Coffee: Is it Healthy or Not?
Written on in Healthy Living, Nutrition and Wellness.

Medical Staff Chatting In Modern Hospital Canteen

By: Nina Talamas, Dietetic Intern

As one of the most widely consumed beverages in the world, coffee consumption is second only to water. In spite of this popularity, coffee and its effects on our health are hotly debated in the worlds of medicine and nutrition. Current research has been slowly answering the questions we have concerning coffee’s impact on heart disease, diabetes, and the brain. Aside from caffeine, coffee is rich in many bioactive chemicals that have beneficial effects in the body. Some of these components, like chlorogenic acid and hydroxyhydroquinone (HHQ), are powerful antioxidants, which protect the body against harmful free radicals. Therefore, coffee is also suspected to have anti-cancer properties that may help to prevent the development of cancer cells.

Coffee and Cancer:

According to the available research on the association between cancer lines and coffee consumption, risks of certain cancers can be reduced with coffee intake. There are significant correlations between coffee consumption and reduced risk of liver, kidney, colorectal, and premenopausal breast cancers. However, it is in question whether caffeine is responsible for these anti-carcinogenic effects, or the other bioactive ingredients. Studies looking at the efficacy of decaffeinated coffee in reducing cancer risk had positive findings, indicating that caffeine may not be the main player in coffee’s fight against cancer.

Coffee and Heart Disease:

There is much debate concerning the effect of coffee on the heart. While the antioxidants contained in coffee have anti-inflammatory effects and prevent the oxidation of LDL, reducing damage to artery walls and plaque formation, there is evidence that caffeine increases blood pressure by stiffening the artery walls. Also, other bioactive substances found in coffee, cafestol and kahweol, have been found to raise blood lipids, increasing the risk for heart disease. Consequently, people with heart disease or at risk for heart disease should try switching to decaffeinated coffee. That way, the benefits of the antioxidants can still be derived without the harmful effects of caffeine on the heart. In terms of the lipid-raising cafestol and kahweol, these ingredients are mostly removed by coffee filters. That is, those brew methods, such as the French press, that do not use filters, should be avoided by those who have suffer from heart disease or have high levels of blood lipids.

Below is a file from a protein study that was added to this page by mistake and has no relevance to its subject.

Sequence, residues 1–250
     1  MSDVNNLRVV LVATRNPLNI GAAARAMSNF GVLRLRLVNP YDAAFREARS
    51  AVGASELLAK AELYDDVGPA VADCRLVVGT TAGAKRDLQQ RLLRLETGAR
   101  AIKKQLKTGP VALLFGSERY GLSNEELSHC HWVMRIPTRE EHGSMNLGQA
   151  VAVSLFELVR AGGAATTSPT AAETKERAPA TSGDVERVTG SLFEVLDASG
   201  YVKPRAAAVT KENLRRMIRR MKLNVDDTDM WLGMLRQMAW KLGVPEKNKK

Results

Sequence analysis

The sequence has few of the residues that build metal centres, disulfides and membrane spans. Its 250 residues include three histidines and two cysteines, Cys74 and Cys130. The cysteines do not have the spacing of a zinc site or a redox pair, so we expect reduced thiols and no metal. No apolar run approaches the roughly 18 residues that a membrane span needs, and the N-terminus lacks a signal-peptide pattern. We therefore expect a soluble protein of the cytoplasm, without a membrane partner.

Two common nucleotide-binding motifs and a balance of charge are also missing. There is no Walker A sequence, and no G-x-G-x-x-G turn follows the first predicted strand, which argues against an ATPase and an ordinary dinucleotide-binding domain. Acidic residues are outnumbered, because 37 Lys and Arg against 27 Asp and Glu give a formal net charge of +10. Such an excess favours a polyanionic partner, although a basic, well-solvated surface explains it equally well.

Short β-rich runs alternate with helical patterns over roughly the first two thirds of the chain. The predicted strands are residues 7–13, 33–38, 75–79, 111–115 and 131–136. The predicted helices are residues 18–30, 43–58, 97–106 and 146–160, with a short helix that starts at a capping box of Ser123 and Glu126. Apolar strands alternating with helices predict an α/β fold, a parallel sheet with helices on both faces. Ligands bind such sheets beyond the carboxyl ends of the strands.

Coffee and the Brain:

The progression of Parkinson’s disease (PD), a neurodegenerative disorder involving inactivation of motor neurons, has been found to be inversely associated with coffee consumption. By reducing the activity of free radicals in the brain, its potent antioxidants prevent further neurodegeneration. In the case of PD, caffeine, specifically, has been found to have protective effects on the brain.  

Alzheimer’s disease (AD) is another neurodegenerative disease that progressively destroys memory and other important functions of the brain. Studies report that moderate daily consumption of coffee over time is associated with reduced risk of AD and delayed progression of the disease. This can also be contributed to the antioxidant properties of coffee. Furthermore, a component of coffee known as trigonelline was found to have regenerative effects of the brain, improving memory. 

Coffee and Diabetes:

The consumption of coffee and diabetes has been found to be negatively associated. That is, because of the antioxidant properties found in coffee, a hypoglycemic effect has been discovered with the consumption of coffee. This effect, however, cannot be contributed to caffeine, but to the chlorogenic acid found in coffee. Therefore, these hypoglycemic effects can be derived from decaffeinated coffee as well.

Take-Home Message:

It is clear that further investigation is needed to better establish the health benefits of coffee. However, the general population would benefit from consuming a moderate amount of coffee daily, around 2-3 cups. Whether you drink regular coffee or decaf, it matters what you put into it, as well. It is best for overall health and reduction of chronic disease to limit or eliminate the amount of cream and sugar mixed in with coffee.

If you are looking for a refreshing, low sugar, low calorie coffee drink. Try the recipe for easy coffee brew by clicking here.

References: Butt MS, Sultan MT. Coffee and its consumption: Benefits and risks. Crit Rev Food SciNutr. 2011;51(4):363-373.


Pingbacks are closed.


Comments are closed.